Fishing is a popular sport and recreational activity among Americans. The American Sportfishing Association reported that “Nearly 1 in 7 Americans take to the water with rod and reel in hand each year.” While lakes, ponds, and rivers have some fun fish that can put up a fight, they don’t compare to the beasts that patrol the deep sea. If you’re looking for a real challenge, head to the waters off the shores of Panama. Here you’ll be able to utilize the different types of sport fishing to land the ultimate catch.
Rod and reel
This is the typical style of sport fishing people think of—taking the boat out, hooking a monster, and bringing it in on massive rods and reels. If catching a world record blue marlin is your goal, strapping into a chair and reeling for hours is what it will take. For the ultimate sport fishing experience, you’ll need to travel miles offshore to go hunting. There is no better way to catch a trophy fish.
Imagine diving into the deep waters, looking a fish in the eye and then spearing and hauling it back to the surface. If you are looking for the ultimate adventure in sport fishing, try spearfishing. Panama only allows freediving while spearfishing—this style is not for beginners as it takes certain techniques and a lot of practice. You’ll need to learn to hold your breath long enough to dive deep enough to find a fish worth spearing. As such, be sure to ask the outfitter about the acceptable spearfishing styles before booking the charter.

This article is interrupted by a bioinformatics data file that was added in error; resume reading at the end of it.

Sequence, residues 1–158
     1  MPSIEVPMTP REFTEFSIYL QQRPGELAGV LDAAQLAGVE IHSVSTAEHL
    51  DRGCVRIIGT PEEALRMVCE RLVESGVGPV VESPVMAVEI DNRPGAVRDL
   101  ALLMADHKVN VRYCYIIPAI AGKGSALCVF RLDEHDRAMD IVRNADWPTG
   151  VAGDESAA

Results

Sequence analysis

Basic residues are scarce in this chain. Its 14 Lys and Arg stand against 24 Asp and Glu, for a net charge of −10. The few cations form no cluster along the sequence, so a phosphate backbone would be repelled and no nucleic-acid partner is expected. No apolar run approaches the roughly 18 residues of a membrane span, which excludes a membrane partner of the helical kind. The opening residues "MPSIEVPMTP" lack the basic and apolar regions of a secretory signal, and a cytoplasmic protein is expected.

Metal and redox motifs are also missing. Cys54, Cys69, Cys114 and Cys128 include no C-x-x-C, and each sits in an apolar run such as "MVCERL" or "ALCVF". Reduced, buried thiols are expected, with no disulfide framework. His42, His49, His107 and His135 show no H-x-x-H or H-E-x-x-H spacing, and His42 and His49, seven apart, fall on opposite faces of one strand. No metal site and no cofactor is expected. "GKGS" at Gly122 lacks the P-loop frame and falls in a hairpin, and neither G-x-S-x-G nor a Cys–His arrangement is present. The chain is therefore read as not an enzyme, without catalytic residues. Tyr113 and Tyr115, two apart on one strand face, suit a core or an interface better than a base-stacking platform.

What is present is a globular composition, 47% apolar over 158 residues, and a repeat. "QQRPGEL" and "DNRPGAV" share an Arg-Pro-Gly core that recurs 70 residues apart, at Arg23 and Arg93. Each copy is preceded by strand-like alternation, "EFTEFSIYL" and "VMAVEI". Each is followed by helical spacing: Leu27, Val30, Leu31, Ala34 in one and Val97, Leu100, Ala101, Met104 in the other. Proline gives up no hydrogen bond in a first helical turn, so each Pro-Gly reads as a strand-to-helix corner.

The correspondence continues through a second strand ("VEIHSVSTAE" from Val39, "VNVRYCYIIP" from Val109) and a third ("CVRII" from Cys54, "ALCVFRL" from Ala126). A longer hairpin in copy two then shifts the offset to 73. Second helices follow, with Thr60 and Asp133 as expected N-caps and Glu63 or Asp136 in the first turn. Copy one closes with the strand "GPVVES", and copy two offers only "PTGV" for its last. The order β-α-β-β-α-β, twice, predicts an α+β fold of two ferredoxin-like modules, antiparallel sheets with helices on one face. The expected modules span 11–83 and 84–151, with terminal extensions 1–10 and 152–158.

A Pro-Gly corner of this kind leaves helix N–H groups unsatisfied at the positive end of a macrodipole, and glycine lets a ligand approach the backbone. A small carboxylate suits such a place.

Land-based rod and reel
Believe it or not, you can catch a trophy fish from shore. You can use the same heavy-duty rod, reel, and tackle that you would on a boat, on land. Usually, the fisherman will crawl out to a rock platform that extends from the shore or rises out of the water. From here, the fisherman will attach a balloon to the line and live bait. The balloon acts as a bobber to keep the bait at a preferred depth as well as a sail, letting currents move the rig hundreds of yards off the shore.
This is also a land-based rod and reel style of sport fishing. However, it’s typically performed in freshwater streams, as fly fishermen are usually fishing for trout and salmon. Fishermen will use a long, highly flexible rod with a special weighted line. Typically, they’ll use lightweight lures with a hook and some string and adornments tied to it—this is a fly. The fisherman will cast the fly out over and over again until it lands on the water’s surface. The idea is to make it look like a bug landed on the water, enticing the fish.